MUMBAI: For its tenth edition, the Zurich Film Festival (ZFF) welcomes India as its New World View section guest for the film festival held this year between 25 September and 5 October. In doing so, ZFF highlights a country with a tradition spanning more than 100 years of cinematic history and a production output.
In explaining the decision to choose India, the co-directors of ZFF, Nadja Schildknecht and Karl Spoerri said in the official statement, “New Indian cinema has experienced an upsurge in recent years, and not just on the subcontinent.” It is among young filmmakers that the change is most visible. The festival-directors go on to say, “New projects have been realised over the past few years that undermine common stereotypes. The movement from mainstream to independent cinema is unmistakable. This development is incredibly exciting.”
Even the large festivals such as Cannes have discovered the potential of Indian cinema for themselves. There has not been a line-up in recent years that did not include an Indian film. Schildknecht and Spoerri are certain for this reason that “focussing on India can only serve to enrich the 10th ZFF.” M.K. Lokesh, the Ambassador of India to Switzerland, is delighted by the festival's choice: “Over the years, the Indian film industry has achieved a very high level of technical standards and directional skills. In the Indo-Swiss context, the Indian cinema, by capturing the natural beauty of Switzerland in many films, contributed to Swiss popularity among Indian tourists. It is befitting that the Zurich Film Festival is showcasing India as the guest country this year.”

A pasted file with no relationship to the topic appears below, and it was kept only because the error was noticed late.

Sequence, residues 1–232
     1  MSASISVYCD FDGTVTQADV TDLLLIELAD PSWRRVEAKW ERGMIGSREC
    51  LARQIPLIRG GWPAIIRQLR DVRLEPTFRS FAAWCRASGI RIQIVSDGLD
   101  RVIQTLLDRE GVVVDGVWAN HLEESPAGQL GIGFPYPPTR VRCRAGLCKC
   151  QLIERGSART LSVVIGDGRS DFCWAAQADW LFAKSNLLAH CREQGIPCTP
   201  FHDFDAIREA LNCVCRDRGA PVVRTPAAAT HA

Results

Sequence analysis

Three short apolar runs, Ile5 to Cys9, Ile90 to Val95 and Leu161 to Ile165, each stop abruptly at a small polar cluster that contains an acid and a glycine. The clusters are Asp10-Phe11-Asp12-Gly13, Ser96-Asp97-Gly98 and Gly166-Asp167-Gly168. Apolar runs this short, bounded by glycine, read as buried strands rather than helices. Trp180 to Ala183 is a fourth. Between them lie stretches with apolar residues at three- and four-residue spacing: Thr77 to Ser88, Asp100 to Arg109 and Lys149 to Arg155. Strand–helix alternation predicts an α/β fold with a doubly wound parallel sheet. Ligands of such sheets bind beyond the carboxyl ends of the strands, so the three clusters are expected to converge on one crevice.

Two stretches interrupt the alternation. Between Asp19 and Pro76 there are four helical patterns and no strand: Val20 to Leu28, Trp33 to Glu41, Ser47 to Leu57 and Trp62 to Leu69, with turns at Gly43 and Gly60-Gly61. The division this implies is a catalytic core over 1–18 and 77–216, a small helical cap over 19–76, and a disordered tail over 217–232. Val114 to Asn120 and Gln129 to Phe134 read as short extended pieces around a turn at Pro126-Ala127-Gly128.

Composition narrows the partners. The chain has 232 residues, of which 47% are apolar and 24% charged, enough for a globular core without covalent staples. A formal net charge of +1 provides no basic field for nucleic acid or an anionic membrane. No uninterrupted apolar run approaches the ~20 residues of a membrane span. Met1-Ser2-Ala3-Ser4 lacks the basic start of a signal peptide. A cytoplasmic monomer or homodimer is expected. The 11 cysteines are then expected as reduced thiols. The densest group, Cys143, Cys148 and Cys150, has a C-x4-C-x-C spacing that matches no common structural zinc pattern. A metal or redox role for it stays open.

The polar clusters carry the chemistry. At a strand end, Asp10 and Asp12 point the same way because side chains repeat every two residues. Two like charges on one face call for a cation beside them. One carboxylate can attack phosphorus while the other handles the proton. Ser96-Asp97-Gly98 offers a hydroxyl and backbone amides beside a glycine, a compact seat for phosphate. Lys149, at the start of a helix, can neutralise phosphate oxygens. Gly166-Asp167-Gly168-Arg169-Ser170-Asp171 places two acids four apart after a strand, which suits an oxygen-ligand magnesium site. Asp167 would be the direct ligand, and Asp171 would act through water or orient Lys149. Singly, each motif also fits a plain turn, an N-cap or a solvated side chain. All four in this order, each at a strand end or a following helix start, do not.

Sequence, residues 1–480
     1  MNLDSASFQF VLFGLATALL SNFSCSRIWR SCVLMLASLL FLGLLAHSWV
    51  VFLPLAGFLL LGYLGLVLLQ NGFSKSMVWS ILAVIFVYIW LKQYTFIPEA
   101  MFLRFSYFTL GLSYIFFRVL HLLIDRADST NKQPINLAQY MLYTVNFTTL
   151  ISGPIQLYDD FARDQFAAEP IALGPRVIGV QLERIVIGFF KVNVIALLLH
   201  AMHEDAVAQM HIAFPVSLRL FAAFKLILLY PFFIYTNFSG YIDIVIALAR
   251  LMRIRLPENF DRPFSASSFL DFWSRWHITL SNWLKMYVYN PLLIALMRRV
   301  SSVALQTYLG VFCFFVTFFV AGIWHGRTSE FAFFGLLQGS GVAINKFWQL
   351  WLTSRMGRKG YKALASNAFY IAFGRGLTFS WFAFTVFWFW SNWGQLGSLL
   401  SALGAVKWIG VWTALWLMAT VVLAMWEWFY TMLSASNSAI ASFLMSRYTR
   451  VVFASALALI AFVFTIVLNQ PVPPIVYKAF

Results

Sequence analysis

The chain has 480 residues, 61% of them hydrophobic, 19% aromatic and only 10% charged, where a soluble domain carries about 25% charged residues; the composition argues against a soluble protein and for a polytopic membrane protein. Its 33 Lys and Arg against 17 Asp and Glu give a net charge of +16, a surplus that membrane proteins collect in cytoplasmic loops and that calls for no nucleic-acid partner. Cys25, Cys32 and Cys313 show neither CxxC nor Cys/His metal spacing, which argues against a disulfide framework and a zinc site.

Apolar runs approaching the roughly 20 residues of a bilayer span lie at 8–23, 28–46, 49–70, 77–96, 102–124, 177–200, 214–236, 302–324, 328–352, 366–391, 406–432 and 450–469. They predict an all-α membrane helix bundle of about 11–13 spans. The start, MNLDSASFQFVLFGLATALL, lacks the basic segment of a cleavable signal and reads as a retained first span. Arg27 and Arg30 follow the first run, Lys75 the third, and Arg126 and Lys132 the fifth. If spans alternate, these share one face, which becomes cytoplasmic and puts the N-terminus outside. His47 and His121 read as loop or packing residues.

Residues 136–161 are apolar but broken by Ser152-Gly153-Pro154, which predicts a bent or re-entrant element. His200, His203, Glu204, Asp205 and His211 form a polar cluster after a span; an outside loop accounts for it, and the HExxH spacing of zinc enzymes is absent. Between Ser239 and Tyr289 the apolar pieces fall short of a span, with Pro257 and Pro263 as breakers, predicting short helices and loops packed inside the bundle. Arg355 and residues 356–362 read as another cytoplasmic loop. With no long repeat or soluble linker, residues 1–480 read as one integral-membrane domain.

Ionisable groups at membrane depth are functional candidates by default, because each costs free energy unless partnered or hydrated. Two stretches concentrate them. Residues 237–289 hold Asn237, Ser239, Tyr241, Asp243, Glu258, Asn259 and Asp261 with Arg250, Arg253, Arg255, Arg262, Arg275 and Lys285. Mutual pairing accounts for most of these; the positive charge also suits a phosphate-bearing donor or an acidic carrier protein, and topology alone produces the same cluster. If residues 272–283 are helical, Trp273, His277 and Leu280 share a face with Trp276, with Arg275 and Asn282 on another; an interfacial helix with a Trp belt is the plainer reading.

Indeed, Indian festival entries are usually and rightfully praised for their thematic freshness and high cinematic quality. The best examples of these attributes include Vasan Balas’ promising debut Peddlers, a captivating relationship drama in the form of a thriller; the romantic comedy The Lunchbox by newcomer Ritesh Batra, and the family/gangster saga Gangs of Wasseypur, Anurag Kashyap’s Indian Godfather, with a budget of $ 45 million, the most expensive non-Bollywood production to date.
It was not only with the launching of The Lunchbox in 2013 that ZFF reacted early to the subcontinent’s cinematic signals; guest in Zurich and highly successful producer Guneet Monga (The Lunchbox, The Gangs of Wasseypur and Peddlers) also offered a preview of things to come during her ZFF Master Class. Bollywood bastion Yash Raj Films hired Guneet Monga for the international sales and distribution of the adolescent drama Titli - an indication that the traditional Indian film scene is giving independent domestic cinema a commercial chance.
The programme of this year’s New World View section will showcase ten new feature and documentary films by emerging Indian filmmakers and a short film block. The short film block is selected through our collaboration with the Internationale Kurzfilmtage Winterthur. Details of the programme will be released at a later date.